I really like hearing from so many people with positive experiences and can-do attitudes. Thank you for all of this information.
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Old 02-19-2014, 07:39 AM   #22
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You know, when we were at one of the well-known national parks in the west several years ago, we got one of the spots that had been altered to handle longer rigs. And the site was a good deal longer and easily handled the 30' length of our rig plus the truck, but that didn't exactly end the story. Lengthening the site toward the back left the hookups stranded toward the front of the rig. Not a problem for the water as our hose was a long one, but the sewer and electric were a problem.

Lesson: Carry extra length for water, electric, and sewer at a distance.

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Old 02-19-2014, 09:09 AM   #23
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We've had more issues over the past 2 summers getting gas than finding a camp site. We bypass occasional gas stations because the 31ft length of the trailer plus the truck would make getting back out of the gas station a challenge, to say the least. There always seems to be a campsite we can fit in, so far anyway. Chris says backing the 31ft trailer is actually easier than backing our previous SOB trailers that were 26ft, 21ft, and 18ft. (I haven't backed into a campsite with this trailer, but need to work on that!). I agree that buying what you are comfortable with is more important.

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Old 02-20-2014, 04:37 AM   #24
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Originally Posted by RivetNV View Post
Bbelk could you please elaborate on your techniques for dealing with ground clearance issues? " block and front hitch"
You are exactly correct regarding the use of leveling blocks to get through places where clearance is an issue. You will need at least four pieces to get through any distance as you may have to walk the pieces from behind the wheels to in front of the wheels as you move forward. Longer pieces make things easier, but still short enough to fit between the wheels. I have crossed creeks this way using stacked rocks for part of it.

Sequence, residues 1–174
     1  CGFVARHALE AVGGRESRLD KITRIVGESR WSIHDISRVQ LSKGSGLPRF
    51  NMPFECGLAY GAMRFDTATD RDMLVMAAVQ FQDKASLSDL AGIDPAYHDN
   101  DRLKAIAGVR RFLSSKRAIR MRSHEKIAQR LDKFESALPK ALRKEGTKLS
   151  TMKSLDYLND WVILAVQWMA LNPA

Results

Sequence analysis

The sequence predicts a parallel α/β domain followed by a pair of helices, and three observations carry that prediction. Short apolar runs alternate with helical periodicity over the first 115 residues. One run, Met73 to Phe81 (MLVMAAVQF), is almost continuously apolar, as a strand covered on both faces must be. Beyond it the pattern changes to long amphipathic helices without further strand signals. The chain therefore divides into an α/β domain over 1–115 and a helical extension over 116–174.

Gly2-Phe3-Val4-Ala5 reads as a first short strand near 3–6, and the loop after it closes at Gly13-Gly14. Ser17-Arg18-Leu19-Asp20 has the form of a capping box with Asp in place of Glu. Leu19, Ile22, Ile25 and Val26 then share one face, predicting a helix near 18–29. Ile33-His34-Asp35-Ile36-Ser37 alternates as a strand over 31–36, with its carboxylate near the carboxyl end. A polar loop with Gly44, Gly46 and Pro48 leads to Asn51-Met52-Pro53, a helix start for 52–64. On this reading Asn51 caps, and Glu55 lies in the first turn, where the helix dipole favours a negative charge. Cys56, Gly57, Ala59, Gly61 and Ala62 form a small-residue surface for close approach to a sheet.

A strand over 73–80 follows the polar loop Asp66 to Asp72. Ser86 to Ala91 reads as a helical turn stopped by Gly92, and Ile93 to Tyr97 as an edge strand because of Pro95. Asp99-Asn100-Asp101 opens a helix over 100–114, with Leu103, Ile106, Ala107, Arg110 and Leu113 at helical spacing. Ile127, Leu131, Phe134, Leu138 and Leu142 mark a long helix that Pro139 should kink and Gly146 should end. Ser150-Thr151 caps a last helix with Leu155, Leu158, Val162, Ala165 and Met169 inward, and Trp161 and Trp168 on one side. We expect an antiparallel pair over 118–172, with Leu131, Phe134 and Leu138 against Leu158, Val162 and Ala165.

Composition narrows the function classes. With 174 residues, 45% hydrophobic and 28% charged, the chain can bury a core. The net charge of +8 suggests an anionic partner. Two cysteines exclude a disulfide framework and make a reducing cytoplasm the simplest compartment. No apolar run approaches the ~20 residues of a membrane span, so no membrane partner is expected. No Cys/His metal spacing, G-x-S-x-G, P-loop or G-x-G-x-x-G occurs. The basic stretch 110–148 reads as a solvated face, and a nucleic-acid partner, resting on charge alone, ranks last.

A front hitch is handy for several things like baskets and bike racks, but for me, its main purpose is to push my camper or boat into places that I can't back them into due to tight corners. With the steering wheels nearly under the hitch, you can turn and position a trailer with pretty extreme corners and great accuracy. A cooperative and vocal assistant to spot for you is still required as you can't see anything around the wide body Airstreams.
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Old 02-20-2014, 10:10 AM   #25
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I was wondering if anyone uses their front hitches or dolly to back their trailer into campsites. What do folks say when you unhitch/rehitch to front and/or whip out a dolly hehe?? Im considering going from a 25 to a 30 and am still perfecting the backing techniques.
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Old 02-20-2014, 03:35 PM   #26
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Many in here have mentioned things that you should take into consideration, 1st what is your intended use ie; weekends with occasional week, then the shorter trailer is ok, if you are going to be spending a lot of time in it then the longer trailer is definitely a plus and you will be glad you have the extra space. 2nd what you have with you such as children, pets, or like a lot of gadgets then again you may feel cramped in the shorter trailer. 3rd if you are the kind of person who checks out places before you go then length would not be an issue as you will know what you are getting into and can pick the right site or at least know what is available and where.
We started out with a 30 and are now in a 35, and I have yet to find a place that I could not get into. I tend to stay away from the older smaller parks just because they was built for smaller trailers and most of the time the electric/other service is outdated. Without the grandkids I have found that the 30 was the best all around trailer, the trailer less than that always felt cramped and I don't like cramped, I like comfortable so when looking at a trailer take that into account, although it may never happen ask yourself can I stay inside this trailer constant for an entire week?
Backing is something that can be learned with practice, find a parking lot that is near empty set yourself up either with cones or anything that can outline a space and things such as trees and such then practice getting into it. Before I retired from trucking some of the companies had me training drivers with problems of backing and one of the things I always told my students is not to look at the end of the trailer and spend very little time on backing the trailer, pay attention to the wheels trailers when turning forward or backwards pivot on the wheels so when back pay attention to the wheels cause where ever you put the wheels the trailer is going to be as well, now the little attention I mentioned before is the stuff that you get close to that is your second thought when backing.
I can give you several pieces of advise all you need to do is ask if you want.